America’s Credit Card Just Got Declined

Submitted by Porter & Co


The U.S. economy runs on credit. When America’s credit engine sputters, so does the economy. 


And right now, we’re majorly overdrawn.


Banks are tightening lending standards for consumer loans -- a reliable leading indicator for an economic recession. Over the last twelve months, the percent of U.S. banks reporting an increased willingness to make new consumer loans has plunged deep into negative territory: 


americas credit card just got declined


Banks are wary of making new loans right now because consumer defaults are on the rise. The chart below shows the recent acceleration in delinquency rates on credit card debt:


americas credit card just got declined


In the latest round of earnings calls, every major American bank reported a surge in credit provisions (capital set aside to cover future loan losses). For instance, J.P. Morgan reserved $2.3 billion for potential loan losses in Q4, a 49% increase from the prior quarter.


Here’s Why The Consumer Lending Pullback Is A Big Deal


Over the past year, as inflation has eroded incomes, the consumer savings rate has plummeted to a record low of just 2.2%. In a recent survey, 64% of Americans reported that they are living paycheck to paycheck. As a result, they’ve turned to plastic, racking up a record $930 billion in total credit card debt, up by nearly $200 billion since 2020.


But with defaults on the rise and banks pulling back on lending, this source of spending is now drying up. Typically, American consumers take out roughly $20 billion to $30 billion in new credit card debt each month. In December, that figure fell to just $7.2 billion.


Fewer loans and fewer credit cards means less spending… and corporate America is feeling the pinch. S&P 500 companies are on track to post their first negative quarter of earnings-per-share growth since the COVID crash.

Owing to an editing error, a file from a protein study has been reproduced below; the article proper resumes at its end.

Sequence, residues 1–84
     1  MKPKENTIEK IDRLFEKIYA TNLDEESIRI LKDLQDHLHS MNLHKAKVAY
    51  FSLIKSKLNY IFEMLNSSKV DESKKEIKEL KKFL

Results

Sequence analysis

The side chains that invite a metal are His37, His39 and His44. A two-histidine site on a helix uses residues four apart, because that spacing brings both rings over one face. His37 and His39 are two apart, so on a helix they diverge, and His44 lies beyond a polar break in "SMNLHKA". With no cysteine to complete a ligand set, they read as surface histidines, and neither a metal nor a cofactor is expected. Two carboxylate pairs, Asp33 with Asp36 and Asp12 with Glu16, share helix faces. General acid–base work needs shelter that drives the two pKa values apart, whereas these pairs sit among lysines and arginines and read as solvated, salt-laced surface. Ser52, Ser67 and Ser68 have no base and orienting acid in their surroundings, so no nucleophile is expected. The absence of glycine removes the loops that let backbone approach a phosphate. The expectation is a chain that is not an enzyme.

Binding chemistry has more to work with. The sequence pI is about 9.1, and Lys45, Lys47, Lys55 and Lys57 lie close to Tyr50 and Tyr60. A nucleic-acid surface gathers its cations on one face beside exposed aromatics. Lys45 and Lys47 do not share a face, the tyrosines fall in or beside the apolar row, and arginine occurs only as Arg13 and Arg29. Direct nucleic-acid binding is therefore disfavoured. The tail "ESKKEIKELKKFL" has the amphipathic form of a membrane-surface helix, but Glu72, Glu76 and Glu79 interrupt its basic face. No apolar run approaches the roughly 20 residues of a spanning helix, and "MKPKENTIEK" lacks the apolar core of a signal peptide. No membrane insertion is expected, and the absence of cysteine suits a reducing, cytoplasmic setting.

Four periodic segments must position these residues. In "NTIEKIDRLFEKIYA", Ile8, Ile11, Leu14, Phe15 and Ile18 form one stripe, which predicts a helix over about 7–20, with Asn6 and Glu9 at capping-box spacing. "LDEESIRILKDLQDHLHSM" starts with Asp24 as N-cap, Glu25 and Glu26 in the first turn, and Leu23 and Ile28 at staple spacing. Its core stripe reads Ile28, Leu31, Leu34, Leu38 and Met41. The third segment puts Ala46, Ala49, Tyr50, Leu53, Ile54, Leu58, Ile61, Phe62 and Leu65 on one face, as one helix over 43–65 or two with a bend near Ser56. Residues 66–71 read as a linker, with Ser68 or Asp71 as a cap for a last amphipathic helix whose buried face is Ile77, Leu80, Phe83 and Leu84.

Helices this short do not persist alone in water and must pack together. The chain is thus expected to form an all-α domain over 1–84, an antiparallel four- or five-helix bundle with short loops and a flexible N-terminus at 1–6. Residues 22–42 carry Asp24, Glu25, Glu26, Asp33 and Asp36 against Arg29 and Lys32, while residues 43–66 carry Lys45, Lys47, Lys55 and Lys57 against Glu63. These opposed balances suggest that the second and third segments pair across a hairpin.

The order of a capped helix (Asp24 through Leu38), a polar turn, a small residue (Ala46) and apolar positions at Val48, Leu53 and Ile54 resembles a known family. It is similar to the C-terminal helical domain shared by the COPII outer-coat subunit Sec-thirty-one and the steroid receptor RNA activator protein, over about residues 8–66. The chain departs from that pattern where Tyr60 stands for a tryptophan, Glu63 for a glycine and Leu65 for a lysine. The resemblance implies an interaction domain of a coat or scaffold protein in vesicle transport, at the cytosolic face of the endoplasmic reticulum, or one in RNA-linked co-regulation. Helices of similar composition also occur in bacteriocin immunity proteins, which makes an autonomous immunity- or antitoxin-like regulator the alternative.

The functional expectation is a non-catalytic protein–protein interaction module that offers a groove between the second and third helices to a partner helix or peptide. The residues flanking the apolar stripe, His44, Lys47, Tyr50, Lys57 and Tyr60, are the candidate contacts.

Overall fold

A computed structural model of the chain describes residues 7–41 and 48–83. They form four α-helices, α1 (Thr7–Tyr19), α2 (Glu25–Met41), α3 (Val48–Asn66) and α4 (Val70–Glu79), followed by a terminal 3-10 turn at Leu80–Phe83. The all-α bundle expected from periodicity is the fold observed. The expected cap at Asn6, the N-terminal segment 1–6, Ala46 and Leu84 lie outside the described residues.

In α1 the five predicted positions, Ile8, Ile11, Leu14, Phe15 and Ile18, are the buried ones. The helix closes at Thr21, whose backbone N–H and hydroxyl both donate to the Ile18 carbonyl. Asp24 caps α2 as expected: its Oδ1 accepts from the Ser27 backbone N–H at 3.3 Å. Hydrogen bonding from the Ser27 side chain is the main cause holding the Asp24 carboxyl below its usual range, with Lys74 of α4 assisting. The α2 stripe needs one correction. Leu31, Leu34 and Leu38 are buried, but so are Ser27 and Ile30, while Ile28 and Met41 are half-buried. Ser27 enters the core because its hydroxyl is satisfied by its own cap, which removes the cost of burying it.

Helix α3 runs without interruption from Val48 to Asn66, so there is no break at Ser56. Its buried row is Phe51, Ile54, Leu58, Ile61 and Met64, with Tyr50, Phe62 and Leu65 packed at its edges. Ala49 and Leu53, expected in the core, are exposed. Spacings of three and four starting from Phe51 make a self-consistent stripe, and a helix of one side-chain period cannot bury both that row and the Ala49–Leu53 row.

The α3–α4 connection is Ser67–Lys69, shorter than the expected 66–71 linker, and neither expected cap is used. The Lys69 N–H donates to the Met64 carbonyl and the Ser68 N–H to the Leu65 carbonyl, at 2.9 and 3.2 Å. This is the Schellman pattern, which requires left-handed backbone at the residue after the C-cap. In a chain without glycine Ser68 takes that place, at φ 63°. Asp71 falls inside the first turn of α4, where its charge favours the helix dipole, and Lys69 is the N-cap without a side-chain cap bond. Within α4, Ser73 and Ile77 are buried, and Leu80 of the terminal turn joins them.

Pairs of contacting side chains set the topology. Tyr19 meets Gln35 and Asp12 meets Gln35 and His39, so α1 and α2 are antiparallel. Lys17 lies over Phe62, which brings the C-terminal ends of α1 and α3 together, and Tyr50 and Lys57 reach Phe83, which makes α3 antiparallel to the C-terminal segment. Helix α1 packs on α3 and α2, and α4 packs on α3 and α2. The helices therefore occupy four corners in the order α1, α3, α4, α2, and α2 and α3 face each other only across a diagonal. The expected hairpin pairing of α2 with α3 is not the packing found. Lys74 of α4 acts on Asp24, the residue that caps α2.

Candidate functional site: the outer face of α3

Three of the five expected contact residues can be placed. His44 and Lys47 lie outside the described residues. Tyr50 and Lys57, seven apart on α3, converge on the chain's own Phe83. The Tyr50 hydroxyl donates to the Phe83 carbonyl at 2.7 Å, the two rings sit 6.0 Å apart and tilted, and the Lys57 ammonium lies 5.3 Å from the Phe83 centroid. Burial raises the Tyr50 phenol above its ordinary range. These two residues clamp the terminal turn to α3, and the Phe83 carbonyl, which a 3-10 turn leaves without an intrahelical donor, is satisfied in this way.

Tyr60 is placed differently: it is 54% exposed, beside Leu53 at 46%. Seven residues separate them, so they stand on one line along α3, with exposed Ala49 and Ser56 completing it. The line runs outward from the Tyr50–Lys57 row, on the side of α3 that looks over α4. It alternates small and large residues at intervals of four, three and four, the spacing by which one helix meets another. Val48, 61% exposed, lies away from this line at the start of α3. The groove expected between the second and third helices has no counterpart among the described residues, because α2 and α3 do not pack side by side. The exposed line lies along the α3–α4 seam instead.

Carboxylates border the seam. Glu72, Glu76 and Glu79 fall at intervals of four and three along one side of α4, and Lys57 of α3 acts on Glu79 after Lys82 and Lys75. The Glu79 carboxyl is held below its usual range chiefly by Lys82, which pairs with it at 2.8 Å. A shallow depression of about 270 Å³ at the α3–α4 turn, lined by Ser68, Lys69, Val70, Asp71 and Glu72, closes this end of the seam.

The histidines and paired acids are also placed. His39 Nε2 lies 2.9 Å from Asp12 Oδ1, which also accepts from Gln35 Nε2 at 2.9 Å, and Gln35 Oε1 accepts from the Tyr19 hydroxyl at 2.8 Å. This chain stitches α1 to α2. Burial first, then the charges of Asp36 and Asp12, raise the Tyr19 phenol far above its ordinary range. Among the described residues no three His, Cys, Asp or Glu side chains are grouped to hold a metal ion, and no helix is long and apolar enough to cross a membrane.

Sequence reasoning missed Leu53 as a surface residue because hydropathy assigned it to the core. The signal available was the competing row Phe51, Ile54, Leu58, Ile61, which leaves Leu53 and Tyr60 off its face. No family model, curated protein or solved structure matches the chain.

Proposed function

What’s more, the consensus estimates for the forward earnings of the S&P 500 just turned negative. This is a rare occurrence on permabull Wall Street – but when it happens, it usually precedes a steep drop in stock prices.


Despite the recent rally in stock prices, the key leading indicators of economic growth all point towards a sharp recession looming on the horizon. This includes rising default rates, tightening credit, and deteriorating corporate earnings. 


The only question now is whether Jerome Powell will accept the short-term economic pain of a recession to stamp out inflation for good. The alternative path of easing rates too soon risks a repeat of the nightmarish “Great Inflation” of the 1970s, and a lost decade in economic growth and financial asset prices. (Interestingly, rising credit card use also played a significant role in the ‘70s debacle.)


All things being equal, we’d rather deal with a sharp, one-time recession than another ten “lost years” of inflation. But the ball is in Powell’s court now.


How to Bulletproof Your Portfolio, No Matter Which Path Powell Takes


The Fed, like Mary Poppins, “never explains anything” – or, if it does, it’s always open to interpretation. As former chair Alan Greenspan once remarked: “If I seem unduly clear to you, you must have misunderstood what I said.”


Only Powell knows his own intentions. Meanwhile, investors need to focus on building a portfolio that can withstand a range of potential outcomes. 


Focus on defensive, capital-efficient names (we refer to these as “Battleship Stocks”). Find high-income securities like preferred stocks and REITs. And get broad exposure to commodities, and energy in particular. 


High-quality energy companies can offer both offense and defense in a portfolio. In a recession, the current trend of underinvestment in fossil fuels should accelerate, boosting energy prices for many years. 


Conversely, in a 1970s replay, energy will provide one of the few safe havens during a high-inflation environment (just as it did in 2022).

You can read more of our energy research here.

Authored by Porter And Company via ZeroHedge February 17th 2023